A cluster of derelict agricultural buildings has been brought back to life as a stunning home with an eco-friendly spin. London-based architecture studio Liddicoat & Goldhill designed the Ancient Party Barn, a green renovation project that won a prestigious 2015 RIBA South East regional award for their playful and beautiful take on barn conversions. Located near Folkestone in Kent, the home boasts gorgeous views of the countryside and is outfitted with state-of-the-art energy-efficient features, including a ground-source heat pump and low-energy LEDs.
Designed as a holiday retreat and design studio, the 2,250-square-meter Ancient Party Barn was made possible thanks to successful architect-client collaboration. The clients, digital designer John Sinclair and fashion designer Deborah Harvey, did not limit the architects with specific programmatic demands. Instead, they focused on preserving the structures’ character and historical integrity, working with the architects to creatively reuse salvaged materials.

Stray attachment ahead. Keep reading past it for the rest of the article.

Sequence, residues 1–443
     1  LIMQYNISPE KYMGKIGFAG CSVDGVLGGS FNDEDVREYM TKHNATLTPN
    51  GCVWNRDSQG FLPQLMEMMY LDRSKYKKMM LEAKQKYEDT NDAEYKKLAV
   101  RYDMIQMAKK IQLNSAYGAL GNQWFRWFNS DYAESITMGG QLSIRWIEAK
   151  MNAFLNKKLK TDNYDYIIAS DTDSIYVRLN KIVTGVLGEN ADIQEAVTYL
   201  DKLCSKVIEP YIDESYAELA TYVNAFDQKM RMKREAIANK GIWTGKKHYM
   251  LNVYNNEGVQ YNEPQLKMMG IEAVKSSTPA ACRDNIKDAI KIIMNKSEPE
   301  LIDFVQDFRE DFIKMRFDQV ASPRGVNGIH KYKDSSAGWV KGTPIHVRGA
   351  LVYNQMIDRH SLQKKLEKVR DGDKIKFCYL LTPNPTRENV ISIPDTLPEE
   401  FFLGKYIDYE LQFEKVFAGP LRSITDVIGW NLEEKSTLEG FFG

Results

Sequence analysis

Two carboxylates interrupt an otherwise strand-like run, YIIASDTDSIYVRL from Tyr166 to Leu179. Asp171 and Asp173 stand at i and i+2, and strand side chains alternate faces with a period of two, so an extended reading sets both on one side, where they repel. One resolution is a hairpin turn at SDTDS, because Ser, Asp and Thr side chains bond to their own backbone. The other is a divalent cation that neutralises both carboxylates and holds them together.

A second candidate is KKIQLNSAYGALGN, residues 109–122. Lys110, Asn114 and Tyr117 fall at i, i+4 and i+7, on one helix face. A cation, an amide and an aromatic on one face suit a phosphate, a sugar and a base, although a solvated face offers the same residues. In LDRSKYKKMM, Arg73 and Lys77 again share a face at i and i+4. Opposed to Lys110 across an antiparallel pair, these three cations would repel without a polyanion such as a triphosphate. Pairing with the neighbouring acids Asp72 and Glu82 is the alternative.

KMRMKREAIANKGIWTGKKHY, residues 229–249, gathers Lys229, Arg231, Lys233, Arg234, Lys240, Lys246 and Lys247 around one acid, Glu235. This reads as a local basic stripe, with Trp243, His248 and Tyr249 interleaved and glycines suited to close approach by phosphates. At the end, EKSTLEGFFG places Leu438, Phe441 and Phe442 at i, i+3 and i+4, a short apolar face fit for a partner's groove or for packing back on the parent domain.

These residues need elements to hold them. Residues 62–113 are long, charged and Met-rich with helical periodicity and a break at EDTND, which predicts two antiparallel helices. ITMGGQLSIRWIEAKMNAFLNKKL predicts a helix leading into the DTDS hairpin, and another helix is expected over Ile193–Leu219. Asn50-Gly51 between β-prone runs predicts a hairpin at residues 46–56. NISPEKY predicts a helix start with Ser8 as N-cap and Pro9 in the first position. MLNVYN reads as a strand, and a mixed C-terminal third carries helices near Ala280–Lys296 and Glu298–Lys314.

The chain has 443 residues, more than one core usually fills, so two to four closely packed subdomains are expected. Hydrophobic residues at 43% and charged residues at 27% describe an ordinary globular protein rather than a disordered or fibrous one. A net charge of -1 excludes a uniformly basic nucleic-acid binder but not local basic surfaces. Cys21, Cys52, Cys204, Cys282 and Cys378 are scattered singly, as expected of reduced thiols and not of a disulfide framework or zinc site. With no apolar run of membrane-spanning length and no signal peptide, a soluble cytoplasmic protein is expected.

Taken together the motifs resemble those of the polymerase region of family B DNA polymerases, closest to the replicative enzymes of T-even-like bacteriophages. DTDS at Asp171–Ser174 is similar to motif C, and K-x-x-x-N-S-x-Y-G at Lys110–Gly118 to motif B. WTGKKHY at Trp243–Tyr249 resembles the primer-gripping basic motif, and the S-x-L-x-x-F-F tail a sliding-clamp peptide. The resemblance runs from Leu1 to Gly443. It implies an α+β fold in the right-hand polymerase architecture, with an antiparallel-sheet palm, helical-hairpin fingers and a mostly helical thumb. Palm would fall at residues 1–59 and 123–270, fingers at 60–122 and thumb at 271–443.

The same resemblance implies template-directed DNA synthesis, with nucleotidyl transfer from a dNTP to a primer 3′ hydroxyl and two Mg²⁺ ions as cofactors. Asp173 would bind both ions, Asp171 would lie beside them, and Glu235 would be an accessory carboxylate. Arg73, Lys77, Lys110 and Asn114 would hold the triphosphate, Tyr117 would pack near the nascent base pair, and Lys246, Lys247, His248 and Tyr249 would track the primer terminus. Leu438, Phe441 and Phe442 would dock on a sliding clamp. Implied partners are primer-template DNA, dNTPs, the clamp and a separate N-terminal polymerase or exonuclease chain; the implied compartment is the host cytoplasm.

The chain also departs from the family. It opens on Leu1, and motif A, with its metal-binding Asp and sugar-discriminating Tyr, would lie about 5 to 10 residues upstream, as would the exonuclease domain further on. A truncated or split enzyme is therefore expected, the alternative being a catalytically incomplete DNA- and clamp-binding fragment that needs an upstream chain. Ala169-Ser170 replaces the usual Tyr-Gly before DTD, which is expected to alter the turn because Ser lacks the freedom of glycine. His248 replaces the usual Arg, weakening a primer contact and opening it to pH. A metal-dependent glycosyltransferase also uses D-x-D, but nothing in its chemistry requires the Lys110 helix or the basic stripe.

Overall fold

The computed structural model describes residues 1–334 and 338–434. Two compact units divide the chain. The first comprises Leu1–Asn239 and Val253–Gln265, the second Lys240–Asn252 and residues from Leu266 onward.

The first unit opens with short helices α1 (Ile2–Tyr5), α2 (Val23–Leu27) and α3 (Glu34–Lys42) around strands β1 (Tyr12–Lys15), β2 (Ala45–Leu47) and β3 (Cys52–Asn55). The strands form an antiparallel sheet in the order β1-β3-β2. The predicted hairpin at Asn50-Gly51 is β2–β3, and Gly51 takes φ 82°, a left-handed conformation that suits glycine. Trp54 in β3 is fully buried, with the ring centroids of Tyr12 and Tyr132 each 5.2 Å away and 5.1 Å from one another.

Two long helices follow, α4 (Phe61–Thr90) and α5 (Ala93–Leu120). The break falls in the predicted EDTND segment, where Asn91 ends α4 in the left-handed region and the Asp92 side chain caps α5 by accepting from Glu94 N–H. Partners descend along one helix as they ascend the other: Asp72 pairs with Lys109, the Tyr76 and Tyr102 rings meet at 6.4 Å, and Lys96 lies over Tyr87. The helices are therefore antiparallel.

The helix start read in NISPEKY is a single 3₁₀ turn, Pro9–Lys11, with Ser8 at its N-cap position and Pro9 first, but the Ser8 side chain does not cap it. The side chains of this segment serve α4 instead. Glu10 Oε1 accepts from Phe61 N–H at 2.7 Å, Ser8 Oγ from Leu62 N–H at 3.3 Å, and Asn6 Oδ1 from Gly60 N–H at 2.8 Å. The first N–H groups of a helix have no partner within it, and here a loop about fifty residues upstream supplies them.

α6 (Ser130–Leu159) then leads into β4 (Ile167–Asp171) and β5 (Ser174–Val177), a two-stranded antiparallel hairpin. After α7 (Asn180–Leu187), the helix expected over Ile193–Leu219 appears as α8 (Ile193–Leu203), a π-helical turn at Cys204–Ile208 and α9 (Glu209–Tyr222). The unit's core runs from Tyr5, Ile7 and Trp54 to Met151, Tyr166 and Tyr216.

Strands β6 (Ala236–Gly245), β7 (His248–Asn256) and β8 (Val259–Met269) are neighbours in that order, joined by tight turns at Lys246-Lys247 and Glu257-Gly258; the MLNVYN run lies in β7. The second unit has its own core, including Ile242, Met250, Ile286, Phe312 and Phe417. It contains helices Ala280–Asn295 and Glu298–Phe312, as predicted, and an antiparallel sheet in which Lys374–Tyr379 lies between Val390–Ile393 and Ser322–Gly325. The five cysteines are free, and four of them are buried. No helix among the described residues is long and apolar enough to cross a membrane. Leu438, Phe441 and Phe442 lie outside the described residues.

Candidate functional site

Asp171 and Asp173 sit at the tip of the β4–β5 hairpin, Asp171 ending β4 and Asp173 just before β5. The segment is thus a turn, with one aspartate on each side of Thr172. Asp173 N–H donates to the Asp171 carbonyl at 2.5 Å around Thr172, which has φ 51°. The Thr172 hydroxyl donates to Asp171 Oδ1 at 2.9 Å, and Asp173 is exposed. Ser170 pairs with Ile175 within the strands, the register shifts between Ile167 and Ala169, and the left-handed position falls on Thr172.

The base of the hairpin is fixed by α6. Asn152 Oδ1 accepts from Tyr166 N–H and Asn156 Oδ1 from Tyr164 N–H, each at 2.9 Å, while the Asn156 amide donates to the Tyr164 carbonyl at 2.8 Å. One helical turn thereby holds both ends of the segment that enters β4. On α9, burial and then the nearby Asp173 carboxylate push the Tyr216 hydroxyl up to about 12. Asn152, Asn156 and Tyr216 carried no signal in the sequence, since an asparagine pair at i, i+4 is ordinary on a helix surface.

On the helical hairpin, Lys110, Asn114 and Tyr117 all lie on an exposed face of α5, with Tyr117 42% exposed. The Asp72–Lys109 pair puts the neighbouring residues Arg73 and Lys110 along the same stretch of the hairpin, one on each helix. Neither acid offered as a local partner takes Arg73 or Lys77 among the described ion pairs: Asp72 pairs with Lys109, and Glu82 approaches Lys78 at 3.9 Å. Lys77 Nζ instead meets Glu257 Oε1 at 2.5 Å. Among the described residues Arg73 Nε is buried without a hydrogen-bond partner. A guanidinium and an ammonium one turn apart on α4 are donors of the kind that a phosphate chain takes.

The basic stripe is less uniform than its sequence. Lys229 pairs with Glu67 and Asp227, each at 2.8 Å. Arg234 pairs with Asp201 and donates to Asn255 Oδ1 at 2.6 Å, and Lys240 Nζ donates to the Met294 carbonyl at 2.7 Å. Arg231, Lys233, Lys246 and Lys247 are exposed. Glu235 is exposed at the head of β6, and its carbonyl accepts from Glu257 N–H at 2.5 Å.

The fragments of the 18th century barn buildings—which comprise a threshing barn, dairy, and stables—were integrated with exposed industrial-scale kinetic mechanisms that give the structures an edgy contemporary vibe and open parts of the facade up to key countryside views. An American aircraft-hanger, for instance, lifts a concertina door up on the east side, while an adapted chain-lift operates barn door-inspired insulated shutters.
The combination of recycled materials and high-tech solutions are found in other parts of the house, from the interior design to the facade. While the original green oak framing was restored and reused, the structures only appear to be timber-framed. The main barn is actually supported by a steel exoskeleton and clad with a super-insulated industrial SIP system. The energy-efficient Ancient Party Barn is also heated via a ground-source heat pump. LEDs are used in reclaimed light fittings. The clients are also given the option to control the heating, lighting, and security systems remotely.
Images via Liddicoat & Goldhill, by Keith Collie and Will Scott